Outstanding Science Books Galore
What We're Reading, 3.10.09

Maple Syrup Season, One More Time

 It's maple syrup season, so I am re-running a post from last year. Hie thee to a sugar shack. Then make some pancakes, and enjoy.


Here in southern New England, we will not see maple-sugaring season until the end of the winter, but Junior and I always look forward to it. We've latched onto the tradition as if we were members of the Ingalls family, always showing up for the sugaring demonstration at the nature center and discussing the logistics of one day tapping the (very skinny) maple trees in our yard.

I've also read aloud many books on the subject, and a cheerful new picture book makes a sweet addition to the list. Maple Syrup Season, written by Ann Purmell and illustrated by Jill Weber, takes young readers through the whole process. Using sugaring terms (and a glossary), the factual book depicts an extended (fictional) family's experiences:

Dad helps the uncles pour sap from the tree buckets into gathering buckets and then into a giant barrel on the sled.

Weber renders the winter scenes with whimsical, folk-art style illustrations, and in her pictures, even the family pets and animals in the woods get in on the action. Weber and Purmell also teamed up for 2006's Christmas Tree Farm.

For more recommendations, see also

"Maple Sugar Season," Chicken Spaghetti, 3/15/07

"Laura Ingalls Wilder Inspires Kitchen Mess," Chicken Spaghetti, 3/16/07


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Oh, how delicious maple syrup is! I can't say I've ever experience the maple syrup season first hand since I grew up in California. But, my father (83 yrs) has fond memories of tasting the sap from the buckets on the way to and from school when he was growing up in Vermont.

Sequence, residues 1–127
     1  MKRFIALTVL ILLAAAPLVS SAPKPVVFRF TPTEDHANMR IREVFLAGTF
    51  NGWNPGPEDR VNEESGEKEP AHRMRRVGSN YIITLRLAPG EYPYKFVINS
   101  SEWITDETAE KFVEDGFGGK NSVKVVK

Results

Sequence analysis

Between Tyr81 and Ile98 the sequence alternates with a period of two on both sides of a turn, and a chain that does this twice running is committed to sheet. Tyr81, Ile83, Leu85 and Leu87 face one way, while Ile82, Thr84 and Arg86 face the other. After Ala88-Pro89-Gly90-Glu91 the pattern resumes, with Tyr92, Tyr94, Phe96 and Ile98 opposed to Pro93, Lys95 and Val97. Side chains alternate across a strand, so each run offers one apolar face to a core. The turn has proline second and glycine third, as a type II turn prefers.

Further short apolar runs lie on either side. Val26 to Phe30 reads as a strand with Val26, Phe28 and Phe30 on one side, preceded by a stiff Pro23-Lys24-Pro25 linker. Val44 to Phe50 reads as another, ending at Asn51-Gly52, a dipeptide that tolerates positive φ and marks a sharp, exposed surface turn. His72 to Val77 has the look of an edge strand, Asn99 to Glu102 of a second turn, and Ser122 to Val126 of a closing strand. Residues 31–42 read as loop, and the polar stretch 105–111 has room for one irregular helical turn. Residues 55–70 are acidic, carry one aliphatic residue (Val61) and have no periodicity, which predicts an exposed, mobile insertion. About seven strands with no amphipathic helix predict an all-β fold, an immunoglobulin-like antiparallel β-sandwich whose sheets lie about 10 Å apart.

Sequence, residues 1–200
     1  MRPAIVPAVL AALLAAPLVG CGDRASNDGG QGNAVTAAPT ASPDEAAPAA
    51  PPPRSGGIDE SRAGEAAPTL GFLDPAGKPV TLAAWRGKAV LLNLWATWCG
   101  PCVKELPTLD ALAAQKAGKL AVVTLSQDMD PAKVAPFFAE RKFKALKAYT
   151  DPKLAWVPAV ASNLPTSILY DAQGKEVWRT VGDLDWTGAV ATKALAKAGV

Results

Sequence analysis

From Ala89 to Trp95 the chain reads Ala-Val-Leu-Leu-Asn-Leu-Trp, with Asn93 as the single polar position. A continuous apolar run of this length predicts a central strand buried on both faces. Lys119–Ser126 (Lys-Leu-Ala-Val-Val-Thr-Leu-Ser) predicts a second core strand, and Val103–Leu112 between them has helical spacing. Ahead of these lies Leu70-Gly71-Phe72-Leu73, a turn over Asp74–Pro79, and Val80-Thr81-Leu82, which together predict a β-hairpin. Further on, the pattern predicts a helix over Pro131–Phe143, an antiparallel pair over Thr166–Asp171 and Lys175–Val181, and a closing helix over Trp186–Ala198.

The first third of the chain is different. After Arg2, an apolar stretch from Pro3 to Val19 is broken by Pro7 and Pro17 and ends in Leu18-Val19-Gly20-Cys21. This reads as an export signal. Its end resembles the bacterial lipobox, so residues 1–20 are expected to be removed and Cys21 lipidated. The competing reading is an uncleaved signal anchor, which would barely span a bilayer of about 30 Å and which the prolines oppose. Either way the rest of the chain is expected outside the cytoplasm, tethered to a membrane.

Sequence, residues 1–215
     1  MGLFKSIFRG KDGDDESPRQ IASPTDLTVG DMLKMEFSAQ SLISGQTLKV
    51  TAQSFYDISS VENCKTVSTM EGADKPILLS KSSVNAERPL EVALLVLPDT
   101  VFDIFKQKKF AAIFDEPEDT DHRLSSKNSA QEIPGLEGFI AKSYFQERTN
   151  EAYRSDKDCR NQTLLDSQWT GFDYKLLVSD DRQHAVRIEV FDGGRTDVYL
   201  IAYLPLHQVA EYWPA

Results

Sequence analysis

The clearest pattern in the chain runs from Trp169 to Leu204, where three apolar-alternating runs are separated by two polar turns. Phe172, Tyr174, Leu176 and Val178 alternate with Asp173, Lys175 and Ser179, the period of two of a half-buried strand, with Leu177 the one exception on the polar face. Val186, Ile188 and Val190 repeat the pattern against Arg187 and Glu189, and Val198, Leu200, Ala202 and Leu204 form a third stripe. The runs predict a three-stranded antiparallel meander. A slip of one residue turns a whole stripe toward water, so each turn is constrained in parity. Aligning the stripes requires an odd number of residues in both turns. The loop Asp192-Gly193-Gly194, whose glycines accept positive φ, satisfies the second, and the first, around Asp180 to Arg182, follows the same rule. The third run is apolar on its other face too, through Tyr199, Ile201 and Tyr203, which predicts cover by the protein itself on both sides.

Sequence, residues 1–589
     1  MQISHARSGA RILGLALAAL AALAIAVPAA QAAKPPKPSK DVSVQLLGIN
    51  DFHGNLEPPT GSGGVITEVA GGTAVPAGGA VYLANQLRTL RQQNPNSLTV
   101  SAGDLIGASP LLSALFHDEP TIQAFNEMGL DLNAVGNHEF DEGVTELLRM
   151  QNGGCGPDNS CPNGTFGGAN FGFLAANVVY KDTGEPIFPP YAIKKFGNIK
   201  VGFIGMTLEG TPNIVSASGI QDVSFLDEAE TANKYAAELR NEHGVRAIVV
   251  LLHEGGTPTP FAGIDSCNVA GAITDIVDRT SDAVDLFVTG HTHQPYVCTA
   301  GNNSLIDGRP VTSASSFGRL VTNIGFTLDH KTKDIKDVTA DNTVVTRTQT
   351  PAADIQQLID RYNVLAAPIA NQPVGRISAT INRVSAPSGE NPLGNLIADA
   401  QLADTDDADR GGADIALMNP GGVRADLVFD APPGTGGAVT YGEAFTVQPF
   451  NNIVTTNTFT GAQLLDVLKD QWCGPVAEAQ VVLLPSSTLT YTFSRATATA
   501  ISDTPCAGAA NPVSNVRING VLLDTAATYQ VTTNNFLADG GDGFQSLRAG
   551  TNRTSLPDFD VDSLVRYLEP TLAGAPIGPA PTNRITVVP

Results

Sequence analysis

I'd forgotten all about maple sugaring season until I saw, in Massachusetts last weekend, a lot of tubing leading out of a cemetery to a big plastic tub on a truck. They were collecting sap, the modern way, from the sugar maples in the graveyard.

Cathy June, I think of Vermont as Maple Central, but I guess the Quebecois would argue with me! I love molasses, too, but somehow it hasn't lent itself to kids' books the way maple sugaring has!

MJN, what an interesting sight. And in a graveyard, no less. Good scene for a book!

That books sounds like it tastes wonderful! I'd love to experience maple sugaring season sometime. Although I might pass on the kind from the graveyard.

On second thought, maybe that kind would taste the best- those trees have got to have great fertilizer! I think I'll still pass.

That's funny, Holly. Right now one of the trees in our yard is just ripe for sugaring, so we may give it a try. I'm not quite sure where to get the supplies, though.

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